The best new summer books: 10 titles that should be on your reading list

These blistering works of fiction, from the likes of Elif Shafak, Paula Hawkins and Leila Slimani, will keep you turning the page

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Whether you're avoiding the hot weather by lounging at home, or escaping for a beach day, an enthralling read should be close at hand.

Here, The National has rounded up some of the best new books, out now or coming soon, to help you while away those summer days.

'Gold Diggers' by Sanjena Sathian

Published to widespread acclaim this spring, Sathian's debut is a wonderful coming-of-age novel set in an Indian immigrant community outside Atlanta in the US. It also has a fantastical element – the narrator Neil's friend Anita has a secret; she and her mother brew an ancient potion from stolen gold that can harness the ambition of the jewellery's original owner. Anita needs a boost to get into Harvard University, but Neil needs a whole lot more to achieve what he wants … but their scheming ends in a tragedy that ripples across the community. Sathian's book is great fun.

'The Other Black Girl' by Zakiya Dalila Harris

It was one of our tips for the year in January, and this effortlessly readable combination of satire, thriller and social commentary is clearly going to be the talk of the summer, too.

Nella works for a New York publishing house, and when Wagner Books hires Hazel-­May, Nella is encouraged not only by the fact she will no longer be the only black woman in this troubling office, but also that she will now be able to speak up about its racial politics. However, not all is quite what it seems. Nella starts to receive anonymous notes telling her to leave the company and suspects that her new colleague might not be the ally she expected her to be. Unsurprisingly in development for a major television series, Harris's The Other Black Girl is both sinister and spirited.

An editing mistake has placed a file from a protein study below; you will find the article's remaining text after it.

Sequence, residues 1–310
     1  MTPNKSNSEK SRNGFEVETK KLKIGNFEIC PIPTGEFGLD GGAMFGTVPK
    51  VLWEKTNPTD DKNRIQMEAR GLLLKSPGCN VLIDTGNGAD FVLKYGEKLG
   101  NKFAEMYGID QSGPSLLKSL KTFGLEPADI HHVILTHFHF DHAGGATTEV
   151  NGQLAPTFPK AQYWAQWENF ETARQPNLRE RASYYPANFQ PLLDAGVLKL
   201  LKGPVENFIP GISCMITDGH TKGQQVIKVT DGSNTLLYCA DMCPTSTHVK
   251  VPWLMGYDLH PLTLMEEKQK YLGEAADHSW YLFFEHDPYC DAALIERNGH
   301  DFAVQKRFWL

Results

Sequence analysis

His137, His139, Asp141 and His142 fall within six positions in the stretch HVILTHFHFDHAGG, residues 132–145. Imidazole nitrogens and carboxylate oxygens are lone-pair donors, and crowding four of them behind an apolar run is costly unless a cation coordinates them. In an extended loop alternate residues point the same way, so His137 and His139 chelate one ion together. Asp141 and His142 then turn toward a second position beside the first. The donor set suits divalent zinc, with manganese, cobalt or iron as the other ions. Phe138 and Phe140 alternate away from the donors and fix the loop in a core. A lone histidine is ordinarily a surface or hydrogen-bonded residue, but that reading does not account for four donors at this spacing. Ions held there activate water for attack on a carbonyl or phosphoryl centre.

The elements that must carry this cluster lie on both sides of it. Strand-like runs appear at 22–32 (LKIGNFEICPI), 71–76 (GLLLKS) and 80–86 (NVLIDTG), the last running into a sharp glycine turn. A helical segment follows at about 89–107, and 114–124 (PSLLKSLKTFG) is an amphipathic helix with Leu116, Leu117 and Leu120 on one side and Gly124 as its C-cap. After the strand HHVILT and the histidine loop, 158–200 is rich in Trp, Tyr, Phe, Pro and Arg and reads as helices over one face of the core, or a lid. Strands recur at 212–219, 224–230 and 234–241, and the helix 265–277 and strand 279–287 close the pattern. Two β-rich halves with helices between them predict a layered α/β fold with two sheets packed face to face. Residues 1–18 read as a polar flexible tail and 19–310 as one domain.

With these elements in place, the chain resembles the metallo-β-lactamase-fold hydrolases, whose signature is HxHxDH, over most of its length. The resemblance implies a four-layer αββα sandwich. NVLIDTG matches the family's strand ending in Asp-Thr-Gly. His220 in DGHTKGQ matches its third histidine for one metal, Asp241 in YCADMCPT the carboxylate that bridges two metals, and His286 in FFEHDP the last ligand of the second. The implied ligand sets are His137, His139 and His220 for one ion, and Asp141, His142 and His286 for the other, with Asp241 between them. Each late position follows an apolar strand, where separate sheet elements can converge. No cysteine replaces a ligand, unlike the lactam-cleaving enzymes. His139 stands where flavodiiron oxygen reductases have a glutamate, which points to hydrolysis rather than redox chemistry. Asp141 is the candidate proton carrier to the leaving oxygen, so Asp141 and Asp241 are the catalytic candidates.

'Still Life' by Sarah Winman

This summer's emotive, generous holiday read has to be Winman's hymn to the power of love in its many forms. Still Life begins in Italy towards the end of the Second World War, when a young English soldier, Ulysses, comes across a sexagenarian art historian (and possible a spy) trying to save paintings from the rubble of war. Their encounter changes the course of the soldier's life over the next four decades as Winman fashions an expansive story taking in Tuscany, Florence and the East End of London. One of those lovely novels to relax into and enjoy reading.

'The Great Mistake' by Jonathan Lee (out on Tuesday)

The Great American Novel has become something of a tired literary trope, so it's interesting that it's taken an English writer to reinvigorate the genre so comprehensively. Taking inspiration from the real-life "father of Greater New York" Andrew Haswell Green – a driving force behind Central Park and the Metropolitan Museum of Art – Lee's story begins with Green's death in 1903 and travels back into his past, trying to find a reason for a seemingly motiveless murder. In that sense, it's both a mystery novel and a social history of New York and America, with nods to renowned American authors John Steinbeck of The Grapes of Wrath and F Scott Fitzgerald of The Great Gatsby.

'The Startup Wife' by Tahmima Anam (July)

Tahmima Anam. Courtesy Zahedul I Khan

Something of a companion piece to Harris's workplace novel, Bangladeshi-­American computer scientist Asha builds a social networking app with her old high-school crush Cyrus, but soon finds that their impossibly successful start-up is actually hugely limiting. It is a combination of blackly comic romcom, satire of the tech world and smart but cautionary exploration of how ambition and feminism both clash and co-exist. Anam knows this world intimately – she's a start-up wife herself – and it's great to see her broaden her scope from her previous excellent novels focusing more obviously on Bangladesh.